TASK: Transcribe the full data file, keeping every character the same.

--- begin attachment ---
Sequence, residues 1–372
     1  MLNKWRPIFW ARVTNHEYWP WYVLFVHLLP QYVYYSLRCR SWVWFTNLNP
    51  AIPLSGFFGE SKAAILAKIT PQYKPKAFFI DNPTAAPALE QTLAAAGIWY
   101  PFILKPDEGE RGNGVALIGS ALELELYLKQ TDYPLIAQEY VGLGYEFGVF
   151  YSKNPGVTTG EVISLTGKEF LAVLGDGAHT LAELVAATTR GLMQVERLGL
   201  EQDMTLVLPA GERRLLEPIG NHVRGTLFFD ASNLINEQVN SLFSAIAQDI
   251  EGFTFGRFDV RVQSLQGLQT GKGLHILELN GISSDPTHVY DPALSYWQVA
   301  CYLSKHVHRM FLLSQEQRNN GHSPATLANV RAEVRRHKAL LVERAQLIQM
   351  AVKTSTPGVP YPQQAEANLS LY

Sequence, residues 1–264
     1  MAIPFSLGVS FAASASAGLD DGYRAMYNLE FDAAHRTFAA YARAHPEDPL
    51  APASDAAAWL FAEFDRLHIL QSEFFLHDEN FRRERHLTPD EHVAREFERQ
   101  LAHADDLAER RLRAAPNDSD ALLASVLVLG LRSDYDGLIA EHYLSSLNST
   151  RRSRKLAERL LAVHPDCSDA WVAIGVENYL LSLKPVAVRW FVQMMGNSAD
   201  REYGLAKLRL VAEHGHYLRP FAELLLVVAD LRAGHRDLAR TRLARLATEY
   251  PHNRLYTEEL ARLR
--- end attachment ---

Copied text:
Sequence, residues 1–372
     1  MLNKWRPIFW ARVTNHEYWP WYVLFVHLLP QYVYYSLRCR SWVWFTNLNP
    51  AIPLSGFFGE SKAAILAKIT PQYKPKAFFI DNPTAAPALE QTLAAAGIWY
   101  PFILKPDEGE RGNGVALIGS ALELELYLKQ TDYPLIAQEY VGLGYEFGVF
   151  YSKNPGVTTG EVISLTGKEF LAVLGDGAHT LAELVAATTR GLMQVERLGL
   201  EQDMTLVLPA GERRLLEPIG NHVRGTLFFD ASNLINEQVN SLFSAIAQDI
   251  EGFTFGRFDV RVQSLQGLQT GKGLHILELN GISSDPTHVY DPALSYWQVA
   301  CYLSKHVHRM FLLSQEQRNN GHSPATLANV RAEVRRHKAL LVERAQLIQM
   351  AVKTSTPGVP YPQQAEANLS LY

Sequence, residues 1–264
     1  MAIPFSLGVS FAASASAGLD DGYRAMYNLE FDAAHRTFAA YARAHPEDPL
    51  APASDAAAWL FAEFDRLHIL QSEFFLHDEN FRRERHLTPD EHVAREFERQ
   101  LAHADDLAER RLRAAPNDSD ALLASVLVLG LRSDYDGLIA EHYLSSLNST
   151  RRSRKLAERL LAVHPDCSDA WVAIGVENYL LSLKPVAVRW FVQMMGNSAD
   201  REYGLAKLRL VAEHGHYLRP FAELLLVVAD LRAGHRDLAR TRLARLATEY
   251  PHNRLYTEEL ARLR